Potomac News Online | Area artisan memorialized site of King’s famous words
A Manassas stone carver has left his mark on some of Washington, D.C.’s best-known landmarks with the help of a large dose of perseverance and commitment to high-quality, old-world artistry.
Andy Del Gallo, owner of Eastern Memorials/Del Gallo Studios on Va. 28 in Manassas, recently ended all the guesswork for visitors to the Lincoln Memorial in Washington who searched the steps for the spot where Martin Luther King Jr. gave his “I Have a Dream” speech 40 years ago this summer.
Del Gallo, 38, carved a 24- by 10-inch inscription on the steps of the Lincoln Memorial between July 21 and 25 to commemorate King’s famous words delivered at the memorial Aug. 28, 1963, during the March on Washington. The inscription reads: “I Have a Dream/ Martin Luther King Jr./ The March on Washington for Jobs and Freedom/ August 28, 1963.”
The inscription was proposed in legislation passed by Congress in 2000, according to National Park Service Project Manager Glenn DeMarr.
The Park Service advertised for the project and solicited bids, DeMarr said. Samples were then judged on the basis of letter depth, quality of carving and what DeMarr described as “artistry in the carving itself.”
Del Gallo’s next big project locally will be the Manassas Veterans Memorial scheduled to be unveiled in November.
Before the King project, Del Gallo had competed with other stone carvers in the area for various commissions in Washington and had slowly built a reputation with his performance on smaller jobs.
Born and raised in Arlington and a graduate of Washington & Lee High School, Del Gallo started out in Washington, D.C., with Dutchman carvings on the Treasury Building, a memorial for the late Treasury Secretary Henry H. Fowler, lettering on the D.C. Convention Center, the State Department and the Basilica of the National Shrine of the Immaculate Conception. He also did extensive lettering work on memorials for World War II veterans at Arlington National Cemetery for more than 10 years.
His business originally started out in Falls Church in 1998, operated out of the back of a truck. It was 2? years later that he opened up shop in Manassas.
In 2001, Del Gallo won the commission to carve the George Mason Memorial, located south of the Jefferson Memorial along the Tidal Basin, after another carver had already been awarded the job. Del Gallo sent in a sample of work and convinced the Park Service to consider his bid.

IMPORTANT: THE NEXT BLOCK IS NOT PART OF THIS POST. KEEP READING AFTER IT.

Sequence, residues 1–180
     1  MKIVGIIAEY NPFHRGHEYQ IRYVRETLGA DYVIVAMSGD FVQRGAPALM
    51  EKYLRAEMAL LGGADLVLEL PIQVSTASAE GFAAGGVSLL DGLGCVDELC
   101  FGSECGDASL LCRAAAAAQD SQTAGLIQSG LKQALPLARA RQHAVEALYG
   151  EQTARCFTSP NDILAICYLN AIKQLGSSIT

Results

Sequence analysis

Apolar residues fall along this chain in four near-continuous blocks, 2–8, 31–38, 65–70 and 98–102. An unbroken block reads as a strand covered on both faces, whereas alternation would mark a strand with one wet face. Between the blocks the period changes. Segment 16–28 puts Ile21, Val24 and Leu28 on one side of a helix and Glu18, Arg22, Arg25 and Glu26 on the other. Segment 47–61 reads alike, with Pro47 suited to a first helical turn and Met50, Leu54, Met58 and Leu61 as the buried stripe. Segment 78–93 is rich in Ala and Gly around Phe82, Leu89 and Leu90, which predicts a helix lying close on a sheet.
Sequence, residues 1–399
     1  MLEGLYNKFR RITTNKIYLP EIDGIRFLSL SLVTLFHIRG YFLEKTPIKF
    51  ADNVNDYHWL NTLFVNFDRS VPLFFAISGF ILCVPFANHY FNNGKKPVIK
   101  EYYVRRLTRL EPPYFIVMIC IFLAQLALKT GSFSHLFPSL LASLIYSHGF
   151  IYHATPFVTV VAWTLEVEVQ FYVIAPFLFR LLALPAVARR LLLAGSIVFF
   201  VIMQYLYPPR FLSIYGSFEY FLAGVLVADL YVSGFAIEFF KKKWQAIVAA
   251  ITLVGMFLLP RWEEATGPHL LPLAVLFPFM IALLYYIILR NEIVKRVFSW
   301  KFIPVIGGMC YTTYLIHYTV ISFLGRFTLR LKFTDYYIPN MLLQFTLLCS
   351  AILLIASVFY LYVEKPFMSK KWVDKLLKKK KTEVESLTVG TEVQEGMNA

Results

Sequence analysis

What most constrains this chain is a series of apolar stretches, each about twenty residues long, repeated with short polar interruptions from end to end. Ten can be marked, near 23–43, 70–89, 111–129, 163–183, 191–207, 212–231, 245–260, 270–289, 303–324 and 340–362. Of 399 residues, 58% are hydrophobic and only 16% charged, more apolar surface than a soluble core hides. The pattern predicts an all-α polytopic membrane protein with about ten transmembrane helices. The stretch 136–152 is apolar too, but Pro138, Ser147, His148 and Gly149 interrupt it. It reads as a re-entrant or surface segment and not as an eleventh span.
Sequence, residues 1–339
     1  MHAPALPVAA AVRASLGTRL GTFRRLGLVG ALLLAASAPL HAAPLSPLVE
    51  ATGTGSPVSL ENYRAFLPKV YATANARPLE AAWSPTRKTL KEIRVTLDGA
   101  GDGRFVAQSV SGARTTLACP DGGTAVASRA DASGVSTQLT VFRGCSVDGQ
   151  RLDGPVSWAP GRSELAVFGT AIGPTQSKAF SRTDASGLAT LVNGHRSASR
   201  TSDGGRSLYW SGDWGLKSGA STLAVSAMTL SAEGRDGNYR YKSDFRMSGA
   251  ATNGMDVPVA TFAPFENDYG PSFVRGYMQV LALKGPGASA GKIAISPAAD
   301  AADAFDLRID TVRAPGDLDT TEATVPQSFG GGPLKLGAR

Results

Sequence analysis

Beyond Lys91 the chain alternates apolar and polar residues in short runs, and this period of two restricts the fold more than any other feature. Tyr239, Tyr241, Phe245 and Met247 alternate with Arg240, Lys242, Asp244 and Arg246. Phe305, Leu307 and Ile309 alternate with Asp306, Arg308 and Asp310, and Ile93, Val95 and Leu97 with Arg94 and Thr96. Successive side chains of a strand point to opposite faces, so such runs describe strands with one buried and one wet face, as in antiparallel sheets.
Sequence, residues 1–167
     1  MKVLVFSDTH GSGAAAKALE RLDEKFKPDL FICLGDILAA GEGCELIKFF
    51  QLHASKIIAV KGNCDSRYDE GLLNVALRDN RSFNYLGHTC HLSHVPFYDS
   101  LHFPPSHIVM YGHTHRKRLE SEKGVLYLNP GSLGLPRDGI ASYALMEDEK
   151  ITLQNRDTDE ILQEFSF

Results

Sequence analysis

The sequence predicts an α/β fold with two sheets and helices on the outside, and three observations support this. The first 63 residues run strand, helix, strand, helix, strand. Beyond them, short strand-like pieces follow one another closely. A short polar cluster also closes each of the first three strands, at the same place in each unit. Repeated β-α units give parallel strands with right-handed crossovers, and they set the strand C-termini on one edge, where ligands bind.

The commission for the King memorial came shortly after Del Gallo lost a bid for the World War II Memorial currently under construction on the Mall.
Using a vinyl stencil to prevent his guides from washing away in the event of rain, and sheltered from the hot July sun by a blue tent, Del Gallo spent 40 hours carving the original lettering that had been designed specifically for the King project. The lettering was modeled after a typeface Del Gallo used to carve the lettering on the George Mason Memorial.
The design of original typefaces and hand-carved ornamentation are two old techniques that Del Gallo touted as a key characteristic of his work. In a time when many memorials and monuments are painted to look carved, Del Gallo prides himself on his mastery of older artistic touches including an emphasis on meaningful symbolism and ornamentation, techniques such as bluing that permanently makes lettering look darker without the help of paint, and an approach to business that engages the client.
Working on the King memorial gave Del Gallo the opportunity to interact with many people who stopped to watch him work. He said it was “one of the most memorable things in my life,” and said many people took time to share their stories about King with him.
“That’s what I love about lettering; I don’t know what it is, but people love to see someone working on stone,” Del Gallo said. “Stone art just rings of permanence and history.”
Despite all the attention while he was working, Del Gallo said his time in the spotlight faded quickly once the tent and cones were removed when a few visitors walked right over the inscription.